Faulder, George Charles (1986) The human glutathione S-transferases: a study of the tissue distribution, genetic variation and development of the GST1, GST2 and GST3 isoenzymes. Doctoral thesis, Keele University.

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The glutathione S-transferases are a group of detoxicating enzymes found in all human tissues studied. They are believed to be the products of at least three autosomal gene loci (GST1, GST2 and GST3). The expression of these loci was examined using starch-gel electrophoresis and chromatofocusing and shown to demonstrate tissuespecific patterns. Genetic variation was observed at the GST1 locus and data from hybridisation studies supported the suggestion that this locus is polymorphic in humans. The expression of the GST2 isoenzymes was more complex and data from starch-gel electrophoresis and chromatofocusing was harder to interpret. The expression of the GST2 isoenzymes, unlike that of the GST1, was not a constant characteristic in different tissues from the same individual and a previous proposal that this locus is also polymorphic was not supported since the population data failed to achieve Hardy-Weinberg equilibrium. Since further hybridisation studies of GST2 isoenzymes demonstrated that some of the forms were interconvertable I believe that the various basic isoenzymes arise by a process of post-translational modification. The GST3 isoenzymes were less intensely investigated and the data revealed no evidence of genetic variability at this locus. Differential expression of the three loci throughout development was studied in four tissues and compared with the expression in corresponding adult tissues. Chromatofocusing was used to quantify the products of the three loci at different developmental ages so that the relative expressions of the loci could be determined. At least one of the loci demonstrated developmental changes in expression in each of the tissues studied. Tissues of the same embryological origin showed similar developmental expression of GST whereas tissues of different embryological origins revealed marked differences in the ontogeny of the enzyme. No specifically fetal forms of GST were demonstrated. In some tissues GST loci were not fully expressed until about one year post-natal age and these observations are believed to provide biochemical evidence for the theory of neoteny in humans.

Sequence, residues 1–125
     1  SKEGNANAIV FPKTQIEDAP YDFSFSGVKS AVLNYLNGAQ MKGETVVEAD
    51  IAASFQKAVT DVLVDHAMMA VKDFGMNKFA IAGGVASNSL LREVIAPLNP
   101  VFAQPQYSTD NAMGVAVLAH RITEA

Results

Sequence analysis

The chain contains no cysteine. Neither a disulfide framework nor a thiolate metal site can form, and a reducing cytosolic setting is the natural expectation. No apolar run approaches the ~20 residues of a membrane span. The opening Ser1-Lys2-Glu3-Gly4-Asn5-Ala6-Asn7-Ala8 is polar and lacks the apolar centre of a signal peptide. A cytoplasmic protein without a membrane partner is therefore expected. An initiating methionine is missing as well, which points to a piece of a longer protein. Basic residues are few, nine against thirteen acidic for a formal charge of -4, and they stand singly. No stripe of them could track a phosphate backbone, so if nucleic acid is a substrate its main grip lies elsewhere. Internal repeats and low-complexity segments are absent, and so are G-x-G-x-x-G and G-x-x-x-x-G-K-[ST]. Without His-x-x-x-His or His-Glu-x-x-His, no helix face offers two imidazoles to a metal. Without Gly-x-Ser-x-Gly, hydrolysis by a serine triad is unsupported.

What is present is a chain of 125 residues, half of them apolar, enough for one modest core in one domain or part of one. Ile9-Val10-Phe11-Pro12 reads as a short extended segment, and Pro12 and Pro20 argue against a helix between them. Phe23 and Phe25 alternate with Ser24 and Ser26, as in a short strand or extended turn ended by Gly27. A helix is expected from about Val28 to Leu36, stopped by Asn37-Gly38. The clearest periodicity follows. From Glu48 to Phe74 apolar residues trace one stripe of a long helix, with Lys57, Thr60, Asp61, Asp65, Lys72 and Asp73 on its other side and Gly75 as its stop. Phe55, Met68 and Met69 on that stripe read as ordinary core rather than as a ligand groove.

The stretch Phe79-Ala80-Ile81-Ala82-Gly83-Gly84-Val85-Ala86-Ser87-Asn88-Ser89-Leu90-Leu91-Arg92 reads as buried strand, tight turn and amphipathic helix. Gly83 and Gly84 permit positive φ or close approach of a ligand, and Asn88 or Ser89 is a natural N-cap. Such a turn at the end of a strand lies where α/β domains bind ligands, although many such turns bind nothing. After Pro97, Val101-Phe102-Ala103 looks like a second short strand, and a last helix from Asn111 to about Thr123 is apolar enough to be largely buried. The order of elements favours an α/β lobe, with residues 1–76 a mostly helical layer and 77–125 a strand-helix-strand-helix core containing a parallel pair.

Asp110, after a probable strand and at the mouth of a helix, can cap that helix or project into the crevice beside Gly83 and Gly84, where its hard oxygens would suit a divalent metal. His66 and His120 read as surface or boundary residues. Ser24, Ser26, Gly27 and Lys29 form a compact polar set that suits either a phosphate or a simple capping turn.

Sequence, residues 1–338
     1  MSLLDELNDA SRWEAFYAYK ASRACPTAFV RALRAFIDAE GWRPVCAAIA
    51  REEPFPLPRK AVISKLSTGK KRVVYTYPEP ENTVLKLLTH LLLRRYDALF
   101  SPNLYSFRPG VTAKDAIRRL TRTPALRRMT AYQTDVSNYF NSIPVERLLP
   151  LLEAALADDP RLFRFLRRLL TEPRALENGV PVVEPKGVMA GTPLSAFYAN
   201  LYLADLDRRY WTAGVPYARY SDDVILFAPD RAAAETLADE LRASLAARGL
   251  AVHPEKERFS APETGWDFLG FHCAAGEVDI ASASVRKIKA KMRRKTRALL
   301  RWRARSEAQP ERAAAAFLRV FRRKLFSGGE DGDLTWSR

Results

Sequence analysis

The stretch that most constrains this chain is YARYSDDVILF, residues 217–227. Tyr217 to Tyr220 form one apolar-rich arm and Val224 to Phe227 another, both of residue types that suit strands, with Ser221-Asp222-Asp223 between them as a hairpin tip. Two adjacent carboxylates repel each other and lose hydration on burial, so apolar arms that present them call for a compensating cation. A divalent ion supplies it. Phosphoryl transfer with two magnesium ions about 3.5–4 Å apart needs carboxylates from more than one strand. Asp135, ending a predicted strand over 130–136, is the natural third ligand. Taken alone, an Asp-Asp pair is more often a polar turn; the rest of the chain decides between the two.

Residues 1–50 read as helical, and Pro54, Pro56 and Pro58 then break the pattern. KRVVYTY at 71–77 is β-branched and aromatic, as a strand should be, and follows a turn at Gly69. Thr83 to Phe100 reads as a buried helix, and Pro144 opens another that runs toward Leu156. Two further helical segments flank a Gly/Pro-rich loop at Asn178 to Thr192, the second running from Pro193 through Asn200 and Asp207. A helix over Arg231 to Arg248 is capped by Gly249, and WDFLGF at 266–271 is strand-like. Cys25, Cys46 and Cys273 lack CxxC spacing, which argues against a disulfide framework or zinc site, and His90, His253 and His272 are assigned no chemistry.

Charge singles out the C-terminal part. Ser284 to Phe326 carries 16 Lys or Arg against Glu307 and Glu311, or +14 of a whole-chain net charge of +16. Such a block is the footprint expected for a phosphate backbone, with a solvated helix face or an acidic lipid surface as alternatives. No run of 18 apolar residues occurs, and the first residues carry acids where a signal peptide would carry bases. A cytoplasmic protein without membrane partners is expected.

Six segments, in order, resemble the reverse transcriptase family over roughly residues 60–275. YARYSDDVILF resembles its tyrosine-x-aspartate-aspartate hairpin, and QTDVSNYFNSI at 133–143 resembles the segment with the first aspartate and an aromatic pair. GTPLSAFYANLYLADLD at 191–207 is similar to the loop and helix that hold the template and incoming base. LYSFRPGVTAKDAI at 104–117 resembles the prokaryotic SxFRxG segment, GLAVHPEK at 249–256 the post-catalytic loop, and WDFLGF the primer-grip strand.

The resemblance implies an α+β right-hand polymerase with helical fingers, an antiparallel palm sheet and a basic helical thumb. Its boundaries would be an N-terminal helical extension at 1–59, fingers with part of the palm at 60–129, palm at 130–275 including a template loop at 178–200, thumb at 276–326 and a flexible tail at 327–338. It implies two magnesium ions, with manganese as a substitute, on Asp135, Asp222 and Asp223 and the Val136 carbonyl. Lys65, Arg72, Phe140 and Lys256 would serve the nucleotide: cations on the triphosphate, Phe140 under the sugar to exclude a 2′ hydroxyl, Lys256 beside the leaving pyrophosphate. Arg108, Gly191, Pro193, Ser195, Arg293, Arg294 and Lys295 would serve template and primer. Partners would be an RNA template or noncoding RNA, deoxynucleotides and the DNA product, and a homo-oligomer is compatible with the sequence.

Item Type: Thesis (Doctoral)
Subjects: R Medicine > R Medicine (General)
Divisions: Faculty of Medicine and Health Sciences > School of Medicine
Contributors: Strange, Richard (Thesis advisor)
Depositing User: Lisa Bailey
Date Deposited: 09 Jan 2020 09:17
Last Modified: 09 Jan 2020 09:17
URI: https://eprints.keele.ac.uk/id/eprint/7473

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